Thanks, Mike. Slide 5 provides a summary of our second quarter financial highlights. Adjusted EBITDA which excludes turnaround costs was $3.2 billion for the quarter. Operating cash flow before working capital was approximately $2.8 billion. We returned $852 million to shareholders through $352 million of dividends and $500 million of share repurchases. We ended the quarter with $660 million shares outstanding. And for the year, we returned over $2 billion to shareholders.

Based on investor feedback we have reformatted some of our materials. The most notable changes include a focus on adjusted EBITDA, regional trend highlights, capture rates, sequential comparisons, enhanced guidance and incremental market metrics. We trust that you will find these helpful. To support continuity we've also maintained previous materials in the appendix for reference.

Slide 6 shows the $1.6 billion of sequential growth in adjusted EBITDA from first quarter to second quarter and also a reconciliation to net income. The increase was largely driven by higher retail and refining earnings. Before reviewing the details of each segment. I would like to discuss our synergy capture for the quarter.

As shown on slide 7, our team's impressive execution led to strong synergy capture with $270 million of realized synergies in the second quarter. The majority of our synergies were in the Refining and Marketing segment and if it's in the quarter included approximately $60 million for the L.A turnaround as cost came in significantly under budget and we were able to bring the plant back up 8 days ahead of schedule. At the St. Paul and Martinez refineries. We began using lower-cost regenerated catalysts, we were able to take used catalyst from other refineries within our system and redirect them to St Paul and Martinez resulting in cost savings for these refineries.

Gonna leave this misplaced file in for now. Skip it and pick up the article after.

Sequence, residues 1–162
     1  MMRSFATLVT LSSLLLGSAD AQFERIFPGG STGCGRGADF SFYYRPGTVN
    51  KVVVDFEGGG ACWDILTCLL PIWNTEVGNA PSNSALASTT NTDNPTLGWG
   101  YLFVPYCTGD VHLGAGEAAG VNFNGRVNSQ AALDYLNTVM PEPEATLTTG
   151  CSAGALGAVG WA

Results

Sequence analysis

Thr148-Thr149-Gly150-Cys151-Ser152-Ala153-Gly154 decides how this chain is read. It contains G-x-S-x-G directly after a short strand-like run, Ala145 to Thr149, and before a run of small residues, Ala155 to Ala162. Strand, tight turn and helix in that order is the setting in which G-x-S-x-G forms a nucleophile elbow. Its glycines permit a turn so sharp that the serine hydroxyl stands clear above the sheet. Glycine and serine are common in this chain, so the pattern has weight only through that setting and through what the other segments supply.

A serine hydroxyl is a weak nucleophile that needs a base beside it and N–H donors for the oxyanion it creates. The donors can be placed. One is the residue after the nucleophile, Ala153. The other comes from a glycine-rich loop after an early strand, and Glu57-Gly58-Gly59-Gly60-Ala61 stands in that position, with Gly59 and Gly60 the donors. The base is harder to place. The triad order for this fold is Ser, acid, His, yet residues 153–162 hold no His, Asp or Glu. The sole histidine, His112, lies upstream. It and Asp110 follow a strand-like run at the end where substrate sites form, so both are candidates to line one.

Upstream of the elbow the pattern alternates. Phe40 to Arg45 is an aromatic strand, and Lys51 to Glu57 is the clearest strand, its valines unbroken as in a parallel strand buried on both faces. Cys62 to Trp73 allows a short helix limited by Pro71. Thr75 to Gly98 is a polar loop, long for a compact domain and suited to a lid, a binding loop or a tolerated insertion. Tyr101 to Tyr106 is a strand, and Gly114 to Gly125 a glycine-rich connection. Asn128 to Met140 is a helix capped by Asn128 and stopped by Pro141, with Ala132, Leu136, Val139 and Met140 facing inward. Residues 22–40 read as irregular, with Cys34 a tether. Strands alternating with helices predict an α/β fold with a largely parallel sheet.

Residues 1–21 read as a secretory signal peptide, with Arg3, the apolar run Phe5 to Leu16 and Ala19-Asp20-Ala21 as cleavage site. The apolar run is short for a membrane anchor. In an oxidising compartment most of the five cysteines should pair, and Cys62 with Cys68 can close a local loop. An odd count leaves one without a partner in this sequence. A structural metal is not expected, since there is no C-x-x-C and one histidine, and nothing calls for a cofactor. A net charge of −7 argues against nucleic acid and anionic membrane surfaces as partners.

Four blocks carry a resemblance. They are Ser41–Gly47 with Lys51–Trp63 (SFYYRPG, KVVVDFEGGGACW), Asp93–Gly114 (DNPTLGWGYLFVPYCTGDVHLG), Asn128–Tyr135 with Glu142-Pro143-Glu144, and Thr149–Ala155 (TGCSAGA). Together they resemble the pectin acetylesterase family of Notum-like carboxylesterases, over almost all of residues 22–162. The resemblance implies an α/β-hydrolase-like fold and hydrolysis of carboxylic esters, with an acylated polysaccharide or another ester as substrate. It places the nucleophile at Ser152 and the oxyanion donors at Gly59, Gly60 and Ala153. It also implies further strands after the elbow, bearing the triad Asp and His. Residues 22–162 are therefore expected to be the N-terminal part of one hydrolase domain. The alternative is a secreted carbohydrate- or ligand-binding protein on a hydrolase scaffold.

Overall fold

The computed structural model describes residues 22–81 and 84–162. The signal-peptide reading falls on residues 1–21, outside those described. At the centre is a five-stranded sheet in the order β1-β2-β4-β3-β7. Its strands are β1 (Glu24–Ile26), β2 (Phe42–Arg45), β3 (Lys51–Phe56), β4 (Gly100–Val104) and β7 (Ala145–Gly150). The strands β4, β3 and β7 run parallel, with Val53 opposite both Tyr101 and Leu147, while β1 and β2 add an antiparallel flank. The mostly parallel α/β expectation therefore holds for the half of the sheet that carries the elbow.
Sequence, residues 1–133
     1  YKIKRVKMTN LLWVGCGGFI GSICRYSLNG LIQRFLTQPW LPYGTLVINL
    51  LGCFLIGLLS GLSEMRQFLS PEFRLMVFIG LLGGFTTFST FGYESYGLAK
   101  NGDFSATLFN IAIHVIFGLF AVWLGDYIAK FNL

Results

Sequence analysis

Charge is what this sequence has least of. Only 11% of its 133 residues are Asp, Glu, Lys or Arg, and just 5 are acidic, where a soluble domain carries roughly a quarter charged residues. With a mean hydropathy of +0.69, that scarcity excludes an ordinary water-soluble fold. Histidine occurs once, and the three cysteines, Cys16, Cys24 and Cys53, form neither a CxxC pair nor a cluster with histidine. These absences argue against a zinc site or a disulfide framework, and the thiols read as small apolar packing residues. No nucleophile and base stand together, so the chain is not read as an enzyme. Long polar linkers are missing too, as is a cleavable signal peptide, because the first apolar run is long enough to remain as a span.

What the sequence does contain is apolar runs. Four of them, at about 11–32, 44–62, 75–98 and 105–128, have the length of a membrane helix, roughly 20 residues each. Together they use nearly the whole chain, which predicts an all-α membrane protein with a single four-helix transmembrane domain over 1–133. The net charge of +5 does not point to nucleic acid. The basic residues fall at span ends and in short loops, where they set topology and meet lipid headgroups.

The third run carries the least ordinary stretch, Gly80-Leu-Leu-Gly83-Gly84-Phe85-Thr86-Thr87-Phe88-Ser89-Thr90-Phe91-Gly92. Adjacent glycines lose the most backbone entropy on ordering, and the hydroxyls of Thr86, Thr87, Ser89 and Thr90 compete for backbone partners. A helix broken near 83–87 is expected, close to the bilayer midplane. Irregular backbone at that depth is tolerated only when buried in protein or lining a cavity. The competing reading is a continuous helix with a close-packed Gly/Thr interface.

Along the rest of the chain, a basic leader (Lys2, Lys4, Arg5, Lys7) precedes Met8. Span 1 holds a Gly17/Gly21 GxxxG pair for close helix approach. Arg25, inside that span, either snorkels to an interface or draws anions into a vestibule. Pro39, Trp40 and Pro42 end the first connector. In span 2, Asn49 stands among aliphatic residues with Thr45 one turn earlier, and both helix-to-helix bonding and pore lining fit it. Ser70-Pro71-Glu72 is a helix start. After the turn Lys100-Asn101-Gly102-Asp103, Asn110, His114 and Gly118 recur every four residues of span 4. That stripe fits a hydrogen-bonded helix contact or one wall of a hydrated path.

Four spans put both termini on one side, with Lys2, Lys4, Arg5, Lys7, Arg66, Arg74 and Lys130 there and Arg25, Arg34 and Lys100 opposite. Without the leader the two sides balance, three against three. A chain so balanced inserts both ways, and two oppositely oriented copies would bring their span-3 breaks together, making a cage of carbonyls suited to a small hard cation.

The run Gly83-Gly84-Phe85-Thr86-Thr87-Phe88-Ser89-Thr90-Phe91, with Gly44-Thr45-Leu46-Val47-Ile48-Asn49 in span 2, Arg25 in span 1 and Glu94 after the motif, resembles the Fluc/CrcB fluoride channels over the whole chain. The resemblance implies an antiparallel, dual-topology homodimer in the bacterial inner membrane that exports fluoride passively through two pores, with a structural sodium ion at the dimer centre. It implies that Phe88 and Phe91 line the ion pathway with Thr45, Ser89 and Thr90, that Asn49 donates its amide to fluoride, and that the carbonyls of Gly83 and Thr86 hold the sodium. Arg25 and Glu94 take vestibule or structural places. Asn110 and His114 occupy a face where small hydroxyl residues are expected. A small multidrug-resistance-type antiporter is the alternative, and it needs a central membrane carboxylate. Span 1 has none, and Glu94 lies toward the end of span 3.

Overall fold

Additionally, we started utilizing different catalyst formulations in order to produce higher-value products at several of our refineries. Examples, where we began realizing benefits in the second quarter, include the hydrocracker at Robinson and the cat cracker at Los Angeles. We have also improved gasoline blending capabilities across our refining system to optimize octane specifications and avoid over blending of higher value components.

In retail, we are starting to see benefits from economies of scale, as well as leveraging back-office systems across our newly converted stores. This has led to optimization of labor hours and reduced operating costs. The $39 million in corporate synergies represents continued cost eliminations including headcount reductions and contract renegotiations made possible by the combination. Continuing to synergies, on Slide 8, we have now realized over $400 million of synergies through the first 6 months of 2019. Over half of the synergies have been driven by cost reductions across the business. We have also reduced our capital spend by approximately $24 million. As Gary mentioned earlier, our execution through the first half of the year gives us confidence in achieving the up to $600 million of annual gross run-rate synergies that we outlined for 2019.